Gluten Free Sourdough Discard Pancakes

My gluten free sourdough starter Sophie is getting more bubbly each week.  She turned one month old recently, and I was getting ready to bake another loaf of bread in the morning.  But first she had to be fed a couple of times, and there was the inevitable discard.  You know I don’t want a bit of this magical culture go to waste, so I thought I would test a small batch of Sourdough Discard Pancakes.

It was my first-time making pancakes with sourdough and I was pleasantly surprised.  The familiar sweetness of pancakes with just the right amount of savory sourdough flavor, who knew?  Using the sourdough discard seemed to give my pancakes an extra high rise too.  These pancakes were hearty and filling, guaranteed to satisfy big appetites.

I made 5 pancakes with my test batch, about 1/3 cup batter each.  Double the recipe for a family breakfast.

Ingredients:

  • 2 tbsp. melted butter plus more for the griddle
  • 2 tbsp. sugar
  • 1/4 cup sourdough discard
  • 1 large egg
  • 1/2 tsp. vanilla
  • 2/3 cups milk (I used 2%)
  • 120g. gluten free all-purpose flour (about 3/4 cup)
  • 1 tsp. baking powder
  • 1/2 tsp. baking soda
  • 1/2 tsp. salt

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Preparation:

Melt the butter in the microwave and set it aside to cool while you gather the other ingredients.

Combine the first 5 ingredients, butter through vanilla in a small bowl.  In another bowl, whisk together the flour, baking powder, baking soda and salt.

Use a batter whisk to stir the wet and dry ingredients together with 2/3 cup milk.  If the batter is too thick, you can add a little more milk, 1 tbsp. at a time to reach the right consistency.

Preheat your griddle or nonstick skillet for 10 minutes and let the batter rest.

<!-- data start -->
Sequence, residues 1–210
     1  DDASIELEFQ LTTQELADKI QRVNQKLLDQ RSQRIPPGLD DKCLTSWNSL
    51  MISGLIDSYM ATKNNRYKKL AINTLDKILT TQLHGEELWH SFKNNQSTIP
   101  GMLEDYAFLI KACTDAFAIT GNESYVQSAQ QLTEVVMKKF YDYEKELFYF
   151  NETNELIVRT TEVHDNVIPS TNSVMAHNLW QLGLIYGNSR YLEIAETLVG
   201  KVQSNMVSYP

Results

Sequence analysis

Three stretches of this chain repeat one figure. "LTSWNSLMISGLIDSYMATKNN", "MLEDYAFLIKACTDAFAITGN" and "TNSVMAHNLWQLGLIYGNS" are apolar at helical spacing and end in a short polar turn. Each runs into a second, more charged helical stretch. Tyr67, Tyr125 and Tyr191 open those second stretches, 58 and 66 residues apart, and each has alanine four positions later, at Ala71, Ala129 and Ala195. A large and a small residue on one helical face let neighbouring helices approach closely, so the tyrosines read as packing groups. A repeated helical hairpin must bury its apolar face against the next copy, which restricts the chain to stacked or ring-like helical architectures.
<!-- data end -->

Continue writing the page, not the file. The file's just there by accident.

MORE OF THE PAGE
Hint: Do you know why they say the first pancake always comes out a little weird?  It’s probably because the griddle wasn’t hot enough. 

When you are ready to begin, butter the griddle or skillet generously and begin spooning out your pancakes.  I like a nice big pancake, so I scooped the batter out with a 1/3 cup measuring cup.  You can make your pancakes as large or small as you like.

Keep a close eye and be ready to flip the pancakes over as soon as the bottom is set, time will vary depending on how large you make the pancakes.

You should get a nice rise as soon as you flip them over.

When the second side is set check the center for doneness with a toothpick.  I had to flip mine another time or two.

Here’s breakfast!  This was a delicious and filling pancake; one was more than enough for me.  Look how thick it is!

Once they were cooled to room temperature, I wrapped the rest of the pancakes individually in plastic wrap and placed in a freezer safe bag.  They will keep for a couple of months in the freezer (at least) and can be defrosted and reheated in the toaster or the microwave.

Notes ♪♫ I used and recommend Better Batter Original Gluten Free Flour in this recipe.  It is a high-quality flour that will change the way you bake!

Use this link to shop Better Batter and remember to use my code MGFC30 at check out for 30% off your full price purchase.